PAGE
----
House of the year

Structured Products Americas Awards 2008


Education is the cornerstone of Credit Suisse's rise in the Americas over the past 12 months. Alongside this, the bank has produced an enviable product range, increased its presence in Canada and Latin America and has the good fortune to be offering its Holt range in the Americas at a time when enhancements to research-based analysis are all the rage.

Credit Suisse has increased its structured products business to 600 transactions in 2007, a step up from 350 in the previous year, on a notional of around US$3 billion. The bank's increased commitment has been rewarded by new business across the Americas. "It is good at education, good on minimums, and offers a one-stop shop on its website," says one US distributor. "It has also leveraged its Holt research and I am impressed with the change - it had been very minimalist in the past."

The past 12 months in the Americas has seen the end of the bull market and the start of a turbulent combination of volatility and illiquidity. Throughout, Credit Suisse has distinguished itself by the variety of its products, its impressive educational initiatives, and the broad scope of its business.

In the US, the bank is proudest of the work it has done with major distributor Raymond James, which approached Credit Suisse in 2007 asking for a unique way to access infrastructure in emerging markets. The bank needed look no further than its Holt index engine to uncover the (sophisticated) raw material that it could introduce into a custom-designed index providing exposure to the top 50 infrastructure names that had at least 20% of their sales in emerging countries.

In October 2007, it placed US$53.3 million in two structured notes listed on the American Stock Exchange. The first offered access with enhanced leverage on the upside; the second was a buffered structure with partial downside protection and a one-for-one upside participation. "We are planning an exchange-traded note linked to this index, probably in April," says Mike Clark, New York-based head of structured retail products for Credit Suisse in the Americas. The bank was on the cusp of completing its exchange-traded note platform at the end of March, as Structured Products went to press.

"Merrill Lynch selected us as one of its providers, partly for our credit strength, but it also wanted to hook into our stable of proprietary products in the US," he says. This March, Credit Suisse became one of the providers chosen by distributor Oppenheimer, with well over 1,000 advisers. Education was key and technology important, "though they were also looking for Credit Suisse to get access to thematics," he says.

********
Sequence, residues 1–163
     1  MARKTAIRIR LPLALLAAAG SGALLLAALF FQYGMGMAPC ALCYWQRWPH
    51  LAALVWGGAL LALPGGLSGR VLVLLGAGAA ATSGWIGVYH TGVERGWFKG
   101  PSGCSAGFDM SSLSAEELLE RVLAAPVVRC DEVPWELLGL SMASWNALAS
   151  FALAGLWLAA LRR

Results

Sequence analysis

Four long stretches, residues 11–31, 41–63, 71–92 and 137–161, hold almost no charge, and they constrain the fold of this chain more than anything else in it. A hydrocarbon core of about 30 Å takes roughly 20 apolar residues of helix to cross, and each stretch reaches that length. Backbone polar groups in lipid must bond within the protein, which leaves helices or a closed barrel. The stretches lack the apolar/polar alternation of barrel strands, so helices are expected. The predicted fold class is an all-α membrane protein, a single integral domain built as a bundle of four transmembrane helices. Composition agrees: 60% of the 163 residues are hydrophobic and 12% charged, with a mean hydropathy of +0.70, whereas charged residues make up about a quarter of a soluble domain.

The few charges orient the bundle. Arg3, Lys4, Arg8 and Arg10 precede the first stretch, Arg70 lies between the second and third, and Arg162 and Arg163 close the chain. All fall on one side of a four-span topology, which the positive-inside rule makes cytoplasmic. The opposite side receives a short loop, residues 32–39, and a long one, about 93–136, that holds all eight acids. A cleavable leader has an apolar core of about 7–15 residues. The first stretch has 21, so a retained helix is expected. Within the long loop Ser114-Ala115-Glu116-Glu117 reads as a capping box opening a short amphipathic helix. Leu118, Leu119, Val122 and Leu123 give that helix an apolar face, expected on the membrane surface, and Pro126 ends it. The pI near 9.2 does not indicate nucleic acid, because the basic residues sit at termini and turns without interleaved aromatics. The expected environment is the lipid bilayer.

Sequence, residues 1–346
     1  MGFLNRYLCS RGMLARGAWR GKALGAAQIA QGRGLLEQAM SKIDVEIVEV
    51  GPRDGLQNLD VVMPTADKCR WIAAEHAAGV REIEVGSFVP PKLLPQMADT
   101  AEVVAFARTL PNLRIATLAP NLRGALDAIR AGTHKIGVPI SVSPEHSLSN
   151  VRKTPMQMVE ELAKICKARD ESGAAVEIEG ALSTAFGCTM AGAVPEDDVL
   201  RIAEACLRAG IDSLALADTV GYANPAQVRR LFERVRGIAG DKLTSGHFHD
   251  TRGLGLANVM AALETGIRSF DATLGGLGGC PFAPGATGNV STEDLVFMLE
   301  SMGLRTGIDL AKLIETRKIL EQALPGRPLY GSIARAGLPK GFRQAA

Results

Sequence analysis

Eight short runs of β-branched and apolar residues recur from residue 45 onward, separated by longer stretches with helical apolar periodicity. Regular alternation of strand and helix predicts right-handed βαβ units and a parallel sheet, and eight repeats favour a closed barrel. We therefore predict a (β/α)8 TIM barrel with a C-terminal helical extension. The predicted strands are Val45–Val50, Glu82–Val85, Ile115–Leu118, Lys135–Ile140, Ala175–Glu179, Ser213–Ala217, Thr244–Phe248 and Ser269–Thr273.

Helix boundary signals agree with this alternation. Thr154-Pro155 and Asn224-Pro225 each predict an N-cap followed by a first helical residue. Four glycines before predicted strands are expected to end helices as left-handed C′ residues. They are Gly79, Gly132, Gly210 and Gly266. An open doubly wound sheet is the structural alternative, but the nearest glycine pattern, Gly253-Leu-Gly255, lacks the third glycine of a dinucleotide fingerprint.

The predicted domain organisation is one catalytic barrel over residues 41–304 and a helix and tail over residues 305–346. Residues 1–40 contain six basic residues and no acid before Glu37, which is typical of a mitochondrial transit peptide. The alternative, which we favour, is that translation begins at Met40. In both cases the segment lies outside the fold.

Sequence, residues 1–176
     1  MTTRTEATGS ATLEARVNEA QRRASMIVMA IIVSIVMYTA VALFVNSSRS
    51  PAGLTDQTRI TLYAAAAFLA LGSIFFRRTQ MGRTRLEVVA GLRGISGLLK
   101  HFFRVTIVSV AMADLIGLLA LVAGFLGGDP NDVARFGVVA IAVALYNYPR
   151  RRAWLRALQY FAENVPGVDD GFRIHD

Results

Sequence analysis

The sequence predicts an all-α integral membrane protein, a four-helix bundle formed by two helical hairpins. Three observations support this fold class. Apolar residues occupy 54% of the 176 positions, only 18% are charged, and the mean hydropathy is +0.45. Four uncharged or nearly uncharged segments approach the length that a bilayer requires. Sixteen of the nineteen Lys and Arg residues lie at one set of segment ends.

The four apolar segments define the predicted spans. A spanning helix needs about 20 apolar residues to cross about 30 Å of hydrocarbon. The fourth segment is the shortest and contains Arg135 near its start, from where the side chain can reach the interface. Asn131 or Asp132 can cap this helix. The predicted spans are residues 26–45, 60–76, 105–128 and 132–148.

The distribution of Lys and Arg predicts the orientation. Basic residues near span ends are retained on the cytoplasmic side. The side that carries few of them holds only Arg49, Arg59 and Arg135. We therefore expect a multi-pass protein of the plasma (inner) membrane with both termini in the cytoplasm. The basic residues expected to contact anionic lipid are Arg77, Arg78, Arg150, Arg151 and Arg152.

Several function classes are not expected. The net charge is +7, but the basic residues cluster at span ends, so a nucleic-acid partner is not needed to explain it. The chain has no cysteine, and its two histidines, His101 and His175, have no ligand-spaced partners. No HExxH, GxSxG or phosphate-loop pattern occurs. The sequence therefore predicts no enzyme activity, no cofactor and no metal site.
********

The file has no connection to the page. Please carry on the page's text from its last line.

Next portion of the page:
The bank has continued to perform well in Latin America, completing more than US$1 billion of structured products business in the region in 2007. Gaining a foothold with distributor Banco Santander was a coup, with the thematic products linked to Holt enabling Credit Suisse to obtain an agreement for primary distribution with the Spanish bank. "We have done Holt-linked deals with several distributors focused on Latin America," he says. "We have also approved three or four indexes for Mexico and will probably have the first family of intelligent indexes there. We are hitting a new phase in Mexico - this year we expect to introduce Holt US, Holt Japan, Holt Germany and Holt Switzerland. We are also creating a Holt LatAm index - and apart from the latter, most have been approved by the Mexican authorities for use by the pension funds. In Canada, we are trying to form distribution networks outside of the big six local banks, creating a nucleus of distributors that give us premier shelf placement. We are in phase one of the build out."

Jill O'Neil, equity capital markets director at Richardson Partners Financial in Canada, says how, in a first for Canada, the bank "offered a buffered accelerator structure into one of our Ottawa advisers in July to a client of ours. The quality of their presentation from the term sheet to the value of the pricing is far ahead of other banks."

The bank hopes to have its own Canadian registered issuance in April or May. "We have won a significant amount of mandates on the basis of our strategy: one, have the best education; two, have the best technology; and three, provide access to the proprietary product." The bank was also chosen by Canada's GMP Capital as its only select provider. "We are the only investment bank that has a full-time person dedicated to expanding the education platform and working with clients," says Clark.

After education, the biggest issue for distributors is secondary liquidity. "We brought in Secnet - an online graphical user interface that enables people to sell structured products back to us in 30 to 60 seconds without using the phone," he says. "It goes straight through to the trading book and is cross-asset class. On Advisornet, the bank can roll out individual websites customised for each client, with its proprietary research piped in.

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